Canadian Solar's Recurrent Energy closes financing for 75 MW PV project

PV Magazine - Jan 5 Recurrent Energy, wholly owned subsidiary of Chinese solar company Canadian Solar, has closed financing for the 75 MW Astoria solar PV project currently under construction in California. A total of $180 million has been secured via a tax equity investment from GE unit GE Energy Financial Services for the completion. Once complete, Recurrent Energy will own and operate the solar farm.

Tesla batteries power North Bay energy innovations

North Bay Business Journal - Jan 4 Jackson Family Wines, Sonoma Wine Company, Amy’s Kitchen and Soiland Company took part in an electric battery storage pilot project with Tesla. The Tesla batteries store energy during off-peak production when rates are cheaper. This helps manage demand spikes during expensive peak consumption hours, significantly reducing the companies’ electricity costs. Another promising North Bay energy project pushing the frontiers of storage is a partnership among Trane, Tesla, Alstrom Grid, and Santa Rosa’s Laguna Wastewater Treatment plant. The Tesla battery enables the water treatment plant to ramp up more quickly than the current generators, allowing the plant to operate using off-the-grid power quickly if necessary and the flexibility allows other demands on the grid to be served making better use of cleaner renewable energy at peak production times.

EDF Renewable Services announces remote monitoring contract with ALLETE Clean Energy

San Diego Business Journal - Dec 29 San Diego’s clean energy firm, EDF Renewable Services, has entered into a contract with ALLETE Clean Energy (ACE) to provide remote monitoring and turbine resets for five of its wind projects. The projects include Condon in Oregon; Storm Lake I and Storm Lake II in Iowa; Lake Benton I in Minnesota; and Armenia Mountain in Pennsylvania. EDF Renewable Services already provides full service operations and maintenance to Chanarambie and Viking in Minnesota, for a total of 534 megawatts comprised of GE, Mitsubishi, and Zond wind turbines.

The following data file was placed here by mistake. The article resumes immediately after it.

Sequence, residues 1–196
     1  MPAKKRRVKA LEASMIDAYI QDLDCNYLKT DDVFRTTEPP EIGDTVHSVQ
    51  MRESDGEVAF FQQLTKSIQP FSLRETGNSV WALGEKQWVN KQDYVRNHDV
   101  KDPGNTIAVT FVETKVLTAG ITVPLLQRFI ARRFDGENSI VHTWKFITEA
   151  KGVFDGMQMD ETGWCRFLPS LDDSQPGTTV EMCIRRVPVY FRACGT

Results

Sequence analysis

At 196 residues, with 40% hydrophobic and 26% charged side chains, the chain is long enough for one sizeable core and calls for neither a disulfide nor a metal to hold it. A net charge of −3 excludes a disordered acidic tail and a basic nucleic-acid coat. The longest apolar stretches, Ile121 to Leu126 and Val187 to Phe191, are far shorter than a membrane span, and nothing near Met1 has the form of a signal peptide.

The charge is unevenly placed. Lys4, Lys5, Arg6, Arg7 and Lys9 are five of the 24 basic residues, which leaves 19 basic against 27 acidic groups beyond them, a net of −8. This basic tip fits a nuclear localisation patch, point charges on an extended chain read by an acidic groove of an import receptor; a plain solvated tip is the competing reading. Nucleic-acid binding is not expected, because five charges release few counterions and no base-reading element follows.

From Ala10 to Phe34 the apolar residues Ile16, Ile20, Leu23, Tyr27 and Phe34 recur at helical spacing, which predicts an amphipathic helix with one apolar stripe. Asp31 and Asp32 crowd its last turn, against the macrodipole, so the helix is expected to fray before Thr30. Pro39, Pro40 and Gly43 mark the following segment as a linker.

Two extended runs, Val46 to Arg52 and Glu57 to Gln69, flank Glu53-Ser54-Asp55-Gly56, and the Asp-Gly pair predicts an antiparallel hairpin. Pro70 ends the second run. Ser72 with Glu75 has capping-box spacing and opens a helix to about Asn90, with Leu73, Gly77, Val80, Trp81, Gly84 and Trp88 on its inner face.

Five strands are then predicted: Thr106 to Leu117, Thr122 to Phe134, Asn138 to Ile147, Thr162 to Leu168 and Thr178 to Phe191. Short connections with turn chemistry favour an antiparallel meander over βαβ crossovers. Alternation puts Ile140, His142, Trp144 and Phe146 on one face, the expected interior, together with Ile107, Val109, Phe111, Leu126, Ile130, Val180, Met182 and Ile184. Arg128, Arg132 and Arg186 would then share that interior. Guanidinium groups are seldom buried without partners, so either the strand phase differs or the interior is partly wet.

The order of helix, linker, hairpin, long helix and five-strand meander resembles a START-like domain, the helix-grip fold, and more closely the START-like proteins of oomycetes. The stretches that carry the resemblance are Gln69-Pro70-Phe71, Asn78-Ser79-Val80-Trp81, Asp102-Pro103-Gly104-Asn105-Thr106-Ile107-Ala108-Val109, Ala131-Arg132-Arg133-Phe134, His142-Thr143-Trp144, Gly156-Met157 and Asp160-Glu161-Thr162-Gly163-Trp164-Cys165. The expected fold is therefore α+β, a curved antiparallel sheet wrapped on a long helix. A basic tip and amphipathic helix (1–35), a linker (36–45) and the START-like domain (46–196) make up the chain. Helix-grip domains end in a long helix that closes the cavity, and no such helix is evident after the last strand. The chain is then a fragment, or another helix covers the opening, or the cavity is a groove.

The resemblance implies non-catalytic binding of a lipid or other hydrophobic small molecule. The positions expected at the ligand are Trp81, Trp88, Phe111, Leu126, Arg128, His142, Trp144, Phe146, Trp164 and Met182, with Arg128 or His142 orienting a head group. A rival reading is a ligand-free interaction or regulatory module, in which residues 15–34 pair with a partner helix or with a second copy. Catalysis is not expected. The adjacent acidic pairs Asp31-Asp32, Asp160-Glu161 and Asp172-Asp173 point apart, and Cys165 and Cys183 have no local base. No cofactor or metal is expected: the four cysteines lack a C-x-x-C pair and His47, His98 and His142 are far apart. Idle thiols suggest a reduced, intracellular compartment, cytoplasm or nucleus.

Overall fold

ARPA-E Funds the next wave of grid-distributed energy integration

Greentech Media  - Jan 5 Two California universities won grants to develop technology to integrate renewable energy into everyday grid operations from the Department of Energy (DOE). Last month the DOE’s blue-sky agency, ARPA-E, announced $33 million in grants for its Network Optimized Distributed Energy Systems (NODES) program meant to assist 12 university, corporate, and DOE laboratory projects in their development. The University of California, San Diego won $2.34 million to develop coordination algorithms and software meant to allow DERs and end loads to serve frequency regulation services. Stanford University won $3.5 million to develop its Powernet technology, an open-source, open-architecture platform that uses a “Home Hub” device to link rooftop solar inverters, appliances and other end loads using smart switches that replace traditional fuses.

 

DISCLAIMER: Because of the generality of this update, the information provided herein may not be applicable in all situations and should not be acted upon without specific legal advice based on particular situations.